Given Akamai’s connection with ecommerce publishers through the co‑op and its various products, it feels like MediaMath is pushing further toward directly servicing the direct advertiser. Do you agree?
MediaMath is a platform. Our software is used by agencies, agency trading desks, independent trading desks and brands directly – all of whom are licensing technology. We’re being very focused on MediaMath being a platform licensee to people. One of the go-to-markets is through Akamai’s ADS and the data co‑op.
So, the answer is “both.” Sixty-five percent of [Akamai ADS’s] book of business is through agencies, as well. It’s not a direct-only approach. Whether it’s going through an agency or whether it’s coming brand direct, they are open to both.
Regarding Akamai’s pixel free technology, it’s been around for three plus years. In this deal, does the pixel free technology matter to MediaMath?
Quite. A lot of the planning that went into the past few months was around that and setting expectations in terms of how scaled it would get. First off, it’s only available for Akamai clients. That’s probably 36% of marketers, plus or minus.
Obviously, people can become Akamai clients in order get access to it. It may be a strategic enough offering from the marketing standpoint that the “tail wags the dog” in the sense that the marketing department will help provide a business case for something that IT might want to look into. But primarily turning to Akamai customers has been the focus.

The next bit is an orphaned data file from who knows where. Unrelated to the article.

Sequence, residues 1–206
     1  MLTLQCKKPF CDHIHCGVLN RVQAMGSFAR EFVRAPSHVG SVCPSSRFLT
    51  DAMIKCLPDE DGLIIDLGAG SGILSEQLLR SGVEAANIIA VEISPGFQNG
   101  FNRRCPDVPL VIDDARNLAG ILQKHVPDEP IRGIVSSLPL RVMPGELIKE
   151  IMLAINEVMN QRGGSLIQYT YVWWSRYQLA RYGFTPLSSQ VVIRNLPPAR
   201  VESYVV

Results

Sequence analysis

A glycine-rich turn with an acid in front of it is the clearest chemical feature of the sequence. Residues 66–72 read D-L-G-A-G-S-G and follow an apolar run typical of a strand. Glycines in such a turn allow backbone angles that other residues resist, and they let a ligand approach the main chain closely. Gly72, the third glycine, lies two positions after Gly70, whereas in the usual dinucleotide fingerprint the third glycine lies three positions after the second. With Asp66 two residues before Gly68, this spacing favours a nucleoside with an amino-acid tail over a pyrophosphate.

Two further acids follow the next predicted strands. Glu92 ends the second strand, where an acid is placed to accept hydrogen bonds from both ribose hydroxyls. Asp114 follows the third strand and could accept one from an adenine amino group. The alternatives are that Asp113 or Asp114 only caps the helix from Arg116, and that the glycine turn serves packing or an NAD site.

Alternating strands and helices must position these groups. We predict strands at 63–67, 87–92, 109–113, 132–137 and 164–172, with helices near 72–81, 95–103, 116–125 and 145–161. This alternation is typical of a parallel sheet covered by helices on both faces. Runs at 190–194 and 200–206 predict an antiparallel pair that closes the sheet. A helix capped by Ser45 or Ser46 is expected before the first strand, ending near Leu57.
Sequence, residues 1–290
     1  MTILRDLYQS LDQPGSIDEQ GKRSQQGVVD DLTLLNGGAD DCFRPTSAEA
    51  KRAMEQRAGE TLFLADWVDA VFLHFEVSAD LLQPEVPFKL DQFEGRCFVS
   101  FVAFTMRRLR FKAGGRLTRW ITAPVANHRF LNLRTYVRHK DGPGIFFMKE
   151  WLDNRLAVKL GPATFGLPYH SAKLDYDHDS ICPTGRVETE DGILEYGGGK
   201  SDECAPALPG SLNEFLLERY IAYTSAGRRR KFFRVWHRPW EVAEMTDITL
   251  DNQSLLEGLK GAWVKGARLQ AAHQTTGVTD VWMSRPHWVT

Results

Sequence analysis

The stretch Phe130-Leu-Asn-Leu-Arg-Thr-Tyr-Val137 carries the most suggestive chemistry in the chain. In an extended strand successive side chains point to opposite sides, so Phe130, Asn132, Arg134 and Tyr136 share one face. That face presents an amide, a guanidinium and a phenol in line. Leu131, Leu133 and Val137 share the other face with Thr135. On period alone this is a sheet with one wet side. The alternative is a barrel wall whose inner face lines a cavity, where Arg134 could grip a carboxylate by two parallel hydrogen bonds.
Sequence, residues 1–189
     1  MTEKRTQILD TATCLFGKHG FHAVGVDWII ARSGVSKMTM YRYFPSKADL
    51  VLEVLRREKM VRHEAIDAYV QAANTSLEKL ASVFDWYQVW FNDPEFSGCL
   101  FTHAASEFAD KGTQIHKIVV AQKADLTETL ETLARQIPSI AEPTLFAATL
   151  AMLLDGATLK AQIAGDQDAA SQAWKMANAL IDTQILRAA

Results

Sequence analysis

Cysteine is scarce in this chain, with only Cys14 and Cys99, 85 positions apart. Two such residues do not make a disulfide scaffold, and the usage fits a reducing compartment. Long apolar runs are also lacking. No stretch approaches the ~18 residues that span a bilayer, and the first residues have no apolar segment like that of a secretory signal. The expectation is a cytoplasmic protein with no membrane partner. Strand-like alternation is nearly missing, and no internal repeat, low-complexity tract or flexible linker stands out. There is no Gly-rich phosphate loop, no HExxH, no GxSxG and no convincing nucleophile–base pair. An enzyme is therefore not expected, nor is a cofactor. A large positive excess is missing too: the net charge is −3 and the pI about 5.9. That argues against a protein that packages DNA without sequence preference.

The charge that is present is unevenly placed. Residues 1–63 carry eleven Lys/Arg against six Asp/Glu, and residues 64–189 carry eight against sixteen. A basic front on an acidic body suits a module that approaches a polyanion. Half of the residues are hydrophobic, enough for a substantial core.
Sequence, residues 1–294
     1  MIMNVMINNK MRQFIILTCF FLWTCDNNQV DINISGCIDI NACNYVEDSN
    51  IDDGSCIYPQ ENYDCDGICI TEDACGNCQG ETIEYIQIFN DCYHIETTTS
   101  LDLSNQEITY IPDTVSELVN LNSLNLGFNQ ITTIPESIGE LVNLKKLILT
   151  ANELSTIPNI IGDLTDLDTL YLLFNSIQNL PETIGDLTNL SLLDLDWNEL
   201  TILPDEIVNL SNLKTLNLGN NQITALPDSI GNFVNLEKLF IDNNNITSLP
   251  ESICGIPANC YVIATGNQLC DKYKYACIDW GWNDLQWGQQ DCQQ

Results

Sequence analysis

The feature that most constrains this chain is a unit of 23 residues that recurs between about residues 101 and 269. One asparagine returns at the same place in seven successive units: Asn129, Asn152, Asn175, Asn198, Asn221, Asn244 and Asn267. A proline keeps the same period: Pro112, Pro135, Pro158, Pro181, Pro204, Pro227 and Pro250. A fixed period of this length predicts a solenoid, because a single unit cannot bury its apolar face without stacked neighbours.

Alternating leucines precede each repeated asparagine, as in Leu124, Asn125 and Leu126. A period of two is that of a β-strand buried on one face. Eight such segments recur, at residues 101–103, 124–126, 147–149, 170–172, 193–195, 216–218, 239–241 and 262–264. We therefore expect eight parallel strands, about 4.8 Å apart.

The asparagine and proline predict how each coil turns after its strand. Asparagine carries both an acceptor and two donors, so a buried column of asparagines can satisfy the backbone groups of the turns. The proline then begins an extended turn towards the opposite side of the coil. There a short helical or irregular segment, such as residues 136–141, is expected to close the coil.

For them, I think there are a bunch of benefits.
A client’s implementation isn’t, “Put another set of tags on a subset of pages,” with all the consequent tracking time and QA and then, obviously, 10 or 20% coverage of the overall site. It’s already all being served by Akamai. It’s pixel free so no latency.
If you couple that with basically 100% programmatic first strategy, then you could have a site with no tags on it. So, for an ecommerce marketer, it’s hugely valuable because a lot of these guys look at how every new tag takes another tenth of a second off their site loading which inhibits the conversion process.
It feels like MediaMath is going to get a boost here in terms of match rates for cookies. Is that an important part of the deal here in terms of the addressable advertising that MediaMath delivers?
Yes. On average, you’re tagging 10 to 20% of pages from a marketer’s standpoint. Going to 100% means you’re seeing somewhere between five and 10 times more coverage. That’s pretty huge.
Now that Akamai has its observer seat and investment, does this prevent other strategics from getting involved and potentially acquiring MediaMath?
We’re not thinking about “exits.” We’re on a great mission to transform how marketing happens. We’ve got a very strong product market fit. We’ve got a rock solid management team and, globally, a rock solid team. So, candidly, I’m not thinking about it.
One of the interesting parts about Akamai strategically is that from the perspective of the marketing and publishing ecosystem, they’re truly a neutral player. They’re an infrastructure provider that carries the world’s bits around.
You can’t have a more strategic, more neutral independent party in a publicly traded, trusted partner.